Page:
>I do not see how you can qualify that by God altering His action plans in and through His foreknowledge, the literal truth is undone.

I didn't say anything about 'literal truth being undone' (whatever that means). What I said was that if God knows what will happen, he should have no need to change his plans. Generally speaking, we change our plans when we change our minds about what we want, or when we find out new information that shows our old plans won't work. Neither of those, presumably, can apply to God as you envisage him.

>You call John Lennon a Christian.

smiley - rolleyes No, let me explain again. You were saying that 'true Christians' can be identified by their love. When I think of people strongly known for love and peace, I think of John Lennon and New-Age hippie types in general. Since Lennon plainly is *not* a Christian, but is known for his love, I am suggesting that there is something wrong with your claim that Christians can be identified by their love. Don't you think?

>sinners cannot do anything that pleases God

What, nothing *at all*? (And aren't we all sinners anyway?) Does that mean that everything everyone (or every non-Christian?) does is displeasing to God? Charities such as UNICEF, Oxfam, UNHCR, the Red Cross and even the Welfare State - all displeasing to God? You don't accept that God might be pleased with certain actions and displeased with others no matter who does them? God is angry with Schindler for his actions?

>God has no free will in that He is holy and cannot sin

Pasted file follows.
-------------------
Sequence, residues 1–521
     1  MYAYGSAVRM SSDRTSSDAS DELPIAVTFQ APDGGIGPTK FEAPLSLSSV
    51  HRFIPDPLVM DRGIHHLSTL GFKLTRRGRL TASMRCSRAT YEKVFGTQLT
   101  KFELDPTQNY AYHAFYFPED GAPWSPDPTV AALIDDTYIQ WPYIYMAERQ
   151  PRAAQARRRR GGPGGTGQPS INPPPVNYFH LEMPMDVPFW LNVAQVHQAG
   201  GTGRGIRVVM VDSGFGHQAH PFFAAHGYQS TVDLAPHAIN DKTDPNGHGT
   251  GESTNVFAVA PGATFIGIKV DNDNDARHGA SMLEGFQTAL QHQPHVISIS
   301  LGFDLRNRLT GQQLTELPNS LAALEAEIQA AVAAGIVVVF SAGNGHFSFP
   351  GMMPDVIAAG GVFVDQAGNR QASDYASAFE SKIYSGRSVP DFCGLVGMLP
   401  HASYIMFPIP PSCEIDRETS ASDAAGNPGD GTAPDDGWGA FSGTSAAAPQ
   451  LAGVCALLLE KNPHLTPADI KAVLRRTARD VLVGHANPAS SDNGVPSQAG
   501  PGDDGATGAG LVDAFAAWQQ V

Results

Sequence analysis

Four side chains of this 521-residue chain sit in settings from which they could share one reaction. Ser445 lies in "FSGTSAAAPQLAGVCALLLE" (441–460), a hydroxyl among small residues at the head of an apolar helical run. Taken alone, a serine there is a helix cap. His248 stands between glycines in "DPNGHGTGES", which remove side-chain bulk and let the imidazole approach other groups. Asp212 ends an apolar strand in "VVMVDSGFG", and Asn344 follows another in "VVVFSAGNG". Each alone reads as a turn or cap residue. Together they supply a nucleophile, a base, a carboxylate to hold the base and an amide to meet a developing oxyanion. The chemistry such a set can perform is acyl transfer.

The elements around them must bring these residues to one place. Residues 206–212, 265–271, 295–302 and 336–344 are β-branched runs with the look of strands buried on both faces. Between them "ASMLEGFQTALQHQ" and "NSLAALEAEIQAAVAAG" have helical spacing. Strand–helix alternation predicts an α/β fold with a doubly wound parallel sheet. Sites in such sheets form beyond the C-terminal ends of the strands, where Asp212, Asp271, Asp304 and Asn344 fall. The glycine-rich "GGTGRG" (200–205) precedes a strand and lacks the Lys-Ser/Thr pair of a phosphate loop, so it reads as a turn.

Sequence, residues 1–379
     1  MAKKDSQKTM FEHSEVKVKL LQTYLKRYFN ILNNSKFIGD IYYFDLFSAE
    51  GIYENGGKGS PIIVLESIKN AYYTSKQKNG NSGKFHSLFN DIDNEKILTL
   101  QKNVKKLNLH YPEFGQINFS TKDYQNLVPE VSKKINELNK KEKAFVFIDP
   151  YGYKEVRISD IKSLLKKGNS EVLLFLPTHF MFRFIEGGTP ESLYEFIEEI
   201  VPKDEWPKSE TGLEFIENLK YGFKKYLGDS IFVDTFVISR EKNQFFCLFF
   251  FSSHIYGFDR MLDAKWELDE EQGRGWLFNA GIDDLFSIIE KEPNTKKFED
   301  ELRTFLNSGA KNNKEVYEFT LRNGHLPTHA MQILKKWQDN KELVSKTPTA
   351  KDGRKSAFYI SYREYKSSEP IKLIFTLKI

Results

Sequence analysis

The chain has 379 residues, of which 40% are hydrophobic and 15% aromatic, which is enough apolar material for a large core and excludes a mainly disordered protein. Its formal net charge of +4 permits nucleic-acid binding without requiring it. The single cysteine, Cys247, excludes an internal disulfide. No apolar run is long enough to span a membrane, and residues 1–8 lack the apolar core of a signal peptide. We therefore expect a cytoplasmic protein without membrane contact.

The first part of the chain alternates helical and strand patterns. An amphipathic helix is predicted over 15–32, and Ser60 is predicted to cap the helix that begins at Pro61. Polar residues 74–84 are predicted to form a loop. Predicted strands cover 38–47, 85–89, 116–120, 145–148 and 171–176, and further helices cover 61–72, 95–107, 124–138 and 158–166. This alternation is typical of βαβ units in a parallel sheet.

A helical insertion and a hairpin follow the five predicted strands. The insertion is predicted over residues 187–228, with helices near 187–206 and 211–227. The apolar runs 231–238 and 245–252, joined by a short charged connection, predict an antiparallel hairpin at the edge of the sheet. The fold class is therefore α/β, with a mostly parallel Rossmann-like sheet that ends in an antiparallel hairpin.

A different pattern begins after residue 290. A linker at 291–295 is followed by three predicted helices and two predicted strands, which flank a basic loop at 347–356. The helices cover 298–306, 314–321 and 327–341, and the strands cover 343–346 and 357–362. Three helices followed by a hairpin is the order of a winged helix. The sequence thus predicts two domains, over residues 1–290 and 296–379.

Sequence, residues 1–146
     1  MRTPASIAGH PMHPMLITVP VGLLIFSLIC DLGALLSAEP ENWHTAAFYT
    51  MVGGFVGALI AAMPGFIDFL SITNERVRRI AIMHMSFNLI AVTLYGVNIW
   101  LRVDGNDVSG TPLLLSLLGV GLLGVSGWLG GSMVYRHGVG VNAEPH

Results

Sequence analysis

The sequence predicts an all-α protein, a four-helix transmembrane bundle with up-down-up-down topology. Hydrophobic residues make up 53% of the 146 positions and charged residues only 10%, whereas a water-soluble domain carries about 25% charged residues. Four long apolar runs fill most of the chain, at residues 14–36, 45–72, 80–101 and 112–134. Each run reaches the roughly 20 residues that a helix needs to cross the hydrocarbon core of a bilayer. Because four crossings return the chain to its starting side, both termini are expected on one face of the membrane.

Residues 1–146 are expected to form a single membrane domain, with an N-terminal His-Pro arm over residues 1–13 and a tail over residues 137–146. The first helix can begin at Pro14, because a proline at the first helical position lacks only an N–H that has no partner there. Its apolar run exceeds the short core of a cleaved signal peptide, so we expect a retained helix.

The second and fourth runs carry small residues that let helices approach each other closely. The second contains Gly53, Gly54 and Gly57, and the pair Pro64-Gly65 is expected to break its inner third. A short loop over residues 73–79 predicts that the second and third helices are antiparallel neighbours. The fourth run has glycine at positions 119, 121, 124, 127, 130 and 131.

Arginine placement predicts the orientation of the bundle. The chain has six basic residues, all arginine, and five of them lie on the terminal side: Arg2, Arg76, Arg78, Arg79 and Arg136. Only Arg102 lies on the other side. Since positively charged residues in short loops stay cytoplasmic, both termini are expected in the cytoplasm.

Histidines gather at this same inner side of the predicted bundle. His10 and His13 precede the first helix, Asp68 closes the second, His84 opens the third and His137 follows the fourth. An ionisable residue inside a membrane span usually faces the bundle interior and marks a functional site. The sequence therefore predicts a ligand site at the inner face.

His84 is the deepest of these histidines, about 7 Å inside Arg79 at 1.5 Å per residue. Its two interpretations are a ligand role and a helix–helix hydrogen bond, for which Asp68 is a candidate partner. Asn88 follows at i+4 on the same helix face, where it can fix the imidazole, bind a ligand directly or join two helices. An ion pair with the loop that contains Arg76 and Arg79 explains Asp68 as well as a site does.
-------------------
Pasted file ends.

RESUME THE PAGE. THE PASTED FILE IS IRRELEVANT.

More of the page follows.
smiley - headhurts Well, congratulations on following where your logic leads - but seriously, does anyone or anything other than you personally have free will?

>if Jesus was not Divine, then there would have been some indication in His life of committed sin ... There is nothing recorded in any secular history that Jesus was just like the rest

smiley - rolleyes There is nothing recorded in *any* contemporary secular history about Jesus at all. Even the NT works describe Jesus as a glutton and a drunk who frequently committed 'sinful' acts ranging from breaking the OT laws to anger and wanton destruction of property (not just in the Temple): So Jesus appears not to have lead a particularly sin-free life, even according to accounts biased in his favour, and by your own logic we should therefore conclude he was not Divine. You won't, of course, because once again you are more attached to the lenses than the view.

>some of the weird fiction

Don't *even* get me started on all the Leigh/Lincoln/Baigent stuff! Fun to read, but plainly not factual. On that, at least, I think we are in agreement.

>We are called to be slaves

Again I think you are confusing literal and metaphorical here. The Bible commands a very literal slavery, where one person is owned by another and may be beaten without cause, without benefit or advantage to the slave. This is in no way comparable to your own personal religious choices.

>I cannot change what the Bible says I am

No, but you could disagree with it when it is plainly wrong.

>I do know that I am different from the non-Christian because I bear a love for God and all my fellow men

And how does that make you different from non-Christians? It appears to me that you are different from non-Christians (and most Christians) in that you regard others as being lesser than yourself and incapable of true feelings.